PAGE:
The Midnight Library by Matt Haig #BookReview


Between life and death there is a library.
When Nora Seed finds herself in the Midnight Library, she has a chance to make things right. Up until now, her life has been full of misery and regret. She feels she has let everyone down, including herself. But things are about to change.
The books in the Midnight Library enable Nora to live as if she had done things differently. With the help of an old friend, she can now undo every one of her regrets as she tries to work out her perfect life. But things aren’t always what she imagined they’d be, and soon her choices place the library and herself in extreme danger.
Before time runs out, she must answer the ultimate question: what is the best way to live?

It's my pleasure to be sharing my review of The Midnight Library today. Many thanks to Canongate Books for my advance copy, received through Netgalley.

The Humans by Matt Haig was the first book I ever reviewed on this blog and is the reason I became a book blogger. I've made no secret of how much that book means to me -  I read it a few months after my brother took his life and it became my beacon of light at a dark time. It's a bittersweet coincidence then that The Midnight Library was published on the eighth anniversary of my brother's suicide and that the lead character, Nora Seed should be suicidal herself.
I can't pretend that the early chapters were easy to read - over the course of a few days Nora reaches the point where she decides that she wants to die - but I was reading it during what is always an emotional week for me. As the story progresses, Nora is given the opportunity to explore what her life could have been like had she made other choices or decisions as Matt Haig returns to the life-affirming themes I have come to associate with his books. Written with deep understanding and warm-hearted honesty; The Midnight Library is a thought-provoking, perceptive paean to hope and the power of books.
Nora learns that she can undo her regrets and in her Midnight Library, guided by her old school librarian, Mrs Elms, the books on the shelves are filled with her alternative lives. As she hovers between life and death in her original or 'root' life, she is able to experience what it would have been like to have followed her dreams or even just agreed to a coffee. If she ever finds a life she likes, she'll be able to stay in it and will eventually forget the Midnight Library. She might run a country pub with her husband (the man she jilted just before her wedding in her root life), be a glaciologist working alongside other scientists in the Arctic or perform to packed out stadiums as a world-famous rock star. However, it turns out that no matter how exciting or interesting her life may be, she keeps returning to the library. Although there are an infinite number of lives contained in the books, if Nora dies the library and everything in it will be destroyed.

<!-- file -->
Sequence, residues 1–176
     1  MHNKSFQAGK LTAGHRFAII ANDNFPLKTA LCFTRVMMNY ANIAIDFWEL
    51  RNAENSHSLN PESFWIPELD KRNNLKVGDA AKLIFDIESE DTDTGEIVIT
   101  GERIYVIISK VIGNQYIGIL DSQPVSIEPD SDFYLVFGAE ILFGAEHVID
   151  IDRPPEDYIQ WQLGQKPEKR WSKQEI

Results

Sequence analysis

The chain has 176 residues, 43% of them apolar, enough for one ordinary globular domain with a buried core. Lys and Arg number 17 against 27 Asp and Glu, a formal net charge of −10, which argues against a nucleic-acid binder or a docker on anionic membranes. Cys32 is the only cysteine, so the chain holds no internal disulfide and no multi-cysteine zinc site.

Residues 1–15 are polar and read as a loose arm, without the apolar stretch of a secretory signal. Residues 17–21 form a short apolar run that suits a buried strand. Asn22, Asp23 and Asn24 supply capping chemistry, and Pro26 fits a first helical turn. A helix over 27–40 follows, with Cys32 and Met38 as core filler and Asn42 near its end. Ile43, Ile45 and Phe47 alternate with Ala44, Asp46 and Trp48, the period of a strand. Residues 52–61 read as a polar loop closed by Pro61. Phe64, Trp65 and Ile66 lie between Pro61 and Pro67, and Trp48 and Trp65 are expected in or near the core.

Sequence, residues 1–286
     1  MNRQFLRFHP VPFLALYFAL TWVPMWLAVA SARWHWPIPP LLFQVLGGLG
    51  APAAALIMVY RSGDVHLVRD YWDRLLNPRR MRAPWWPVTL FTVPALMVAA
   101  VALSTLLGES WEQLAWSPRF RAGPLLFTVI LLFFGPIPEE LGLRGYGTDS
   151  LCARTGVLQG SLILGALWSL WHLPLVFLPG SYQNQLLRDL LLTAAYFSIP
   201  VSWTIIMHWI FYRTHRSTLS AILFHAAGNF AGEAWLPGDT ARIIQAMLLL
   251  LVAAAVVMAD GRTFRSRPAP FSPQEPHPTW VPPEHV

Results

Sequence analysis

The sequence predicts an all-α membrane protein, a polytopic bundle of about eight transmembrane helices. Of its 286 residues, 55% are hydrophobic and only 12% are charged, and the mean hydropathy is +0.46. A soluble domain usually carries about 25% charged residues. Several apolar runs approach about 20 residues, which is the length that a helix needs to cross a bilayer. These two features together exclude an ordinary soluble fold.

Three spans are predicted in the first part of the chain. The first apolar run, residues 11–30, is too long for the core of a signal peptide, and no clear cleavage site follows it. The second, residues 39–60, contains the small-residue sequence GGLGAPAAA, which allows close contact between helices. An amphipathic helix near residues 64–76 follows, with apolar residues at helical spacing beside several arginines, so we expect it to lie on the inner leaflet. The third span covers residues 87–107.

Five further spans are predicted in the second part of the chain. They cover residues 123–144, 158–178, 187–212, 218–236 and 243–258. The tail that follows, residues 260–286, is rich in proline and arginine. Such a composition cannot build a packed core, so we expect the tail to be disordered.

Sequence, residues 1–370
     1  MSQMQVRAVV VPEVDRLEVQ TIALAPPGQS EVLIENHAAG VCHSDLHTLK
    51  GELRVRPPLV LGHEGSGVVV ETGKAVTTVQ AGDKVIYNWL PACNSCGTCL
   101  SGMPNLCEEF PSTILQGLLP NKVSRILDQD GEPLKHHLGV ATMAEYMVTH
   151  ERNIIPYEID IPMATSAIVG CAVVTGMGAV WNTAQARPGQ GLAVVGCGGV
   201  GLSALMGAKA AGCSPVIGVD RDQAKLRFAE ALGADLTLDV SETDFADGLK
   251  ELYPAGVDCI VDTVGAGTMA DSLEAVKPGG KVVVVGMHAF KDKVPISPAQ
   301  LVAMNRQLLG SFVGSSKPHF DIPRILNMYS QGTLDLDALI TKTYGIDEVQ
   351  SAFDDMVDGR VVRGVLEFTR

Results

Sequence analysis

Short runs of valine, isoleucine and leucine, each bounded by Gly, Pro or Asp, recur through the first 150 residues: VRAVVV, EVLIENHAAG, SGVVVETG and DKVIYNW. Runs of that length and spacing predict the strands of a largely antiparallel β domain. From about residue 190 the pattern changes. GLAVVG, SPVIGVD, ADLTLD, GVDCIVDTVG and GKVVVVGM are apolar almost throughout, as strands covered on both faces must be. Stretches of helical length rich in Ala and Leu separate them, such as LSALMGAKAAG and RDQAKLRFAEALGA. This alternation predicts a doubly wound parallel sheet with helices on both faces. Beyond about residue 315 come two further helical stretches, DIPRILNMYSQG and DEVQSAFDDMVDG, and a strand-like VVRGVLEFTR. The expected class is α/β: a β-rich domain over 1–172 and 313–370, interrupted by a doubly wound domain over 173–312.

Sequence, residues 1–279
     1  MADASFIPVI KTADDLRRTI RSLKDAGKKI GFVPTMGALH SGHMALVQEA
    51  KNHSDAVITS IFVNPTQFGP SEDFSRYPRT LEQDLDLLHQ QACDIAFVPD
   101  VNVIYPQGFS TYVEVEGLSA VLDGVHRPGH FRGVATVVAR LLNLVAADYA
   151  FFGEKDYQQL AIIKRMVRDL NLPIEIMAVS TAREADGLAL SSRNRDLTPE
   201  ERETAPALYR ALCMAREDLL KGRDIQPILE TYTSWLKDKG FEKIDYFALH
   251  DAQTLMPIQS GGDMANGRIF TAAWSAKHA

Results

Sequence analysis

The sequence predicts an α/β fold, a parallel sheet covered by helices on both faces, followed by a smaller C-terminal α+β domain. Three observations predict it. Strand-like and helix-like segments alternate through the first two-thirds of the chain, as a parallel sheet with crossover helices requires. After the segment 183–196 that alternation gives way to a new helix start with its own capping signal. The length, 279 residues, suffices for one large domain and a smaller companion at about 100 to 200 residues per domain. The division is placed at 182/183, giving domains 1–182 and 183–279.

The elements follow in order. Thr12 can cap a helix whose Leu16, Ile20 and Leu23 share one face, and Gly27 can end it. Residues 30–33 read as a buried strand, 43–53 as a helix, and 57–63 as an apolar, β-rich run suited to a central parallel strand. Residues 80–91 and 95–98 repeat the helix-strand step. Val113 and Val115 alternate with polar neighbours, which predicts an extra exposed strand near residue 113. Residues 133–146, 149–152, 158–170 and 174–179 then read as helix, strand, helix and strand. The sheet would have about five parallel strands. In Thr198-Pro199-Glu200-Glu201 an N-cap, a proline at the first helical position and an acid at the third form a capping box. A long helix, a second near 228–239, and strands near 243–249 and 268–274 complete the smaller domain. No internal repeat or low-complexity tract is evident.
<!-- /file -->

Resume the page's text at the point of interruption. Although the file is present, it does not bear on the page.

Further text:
My favourite film of all time is It's a Wonderful Life and there are elements of The Midnight Library that are reminiscent of that story. Just as George Bailey was forced to put his dreams on hold time and again, so Nora is filled with regrets for what she has lost or missed out on.  Both George and Nora feel trapped and stifled in their home towns but George has Clarence to show him what he means to the people of Bedford Falls and it can't be a coincidence that Mrs Elms is there to guide Nora towards finding out that her actions affected more than just her own life in Bedford. This is an uplifting novel but like It's a Wonderful Life, it has a darker side and doesn't forget that life can be difficult and painful. There is no Mr Potter here but Nora's own personal villain is her depression and that she has allowed her regrets to define who she believes she is; as always Matt Haig writes about mental health issues with compassionate insight and sensitivity. 
The Midnight Library may be a fantastical premise but it is never false and through an accessible and engaging mix of quantum physics. philosophy and love, Matt Haig tells a beautiful, poignant and empathetic story of redemption and hope. The Midnight Library is the perfect reminder that even when times are tough, it can still be a wonderful life. 

The Midnight Library is published by Canongate Books and can be purchased from Amazon, Waterstones and Hive but please consider supporting independent bookstores if possible.

About the Author

Matt Haig is the number one bestselling author of Reasons to Stay Alive, Notes on a Nervous Planet and six highly acclaimed novels for adults, including How to Stop Time, The Humans and The Radleys. The audiobook of The Midlnight Library is read by Carey Mulligan. Haig also writes award-winning books for children, including A Boy Called Christmas, which is being made into a feature film with an all-star cast. He has sold more than a million books in the UK and his work has been translated into over forty languages.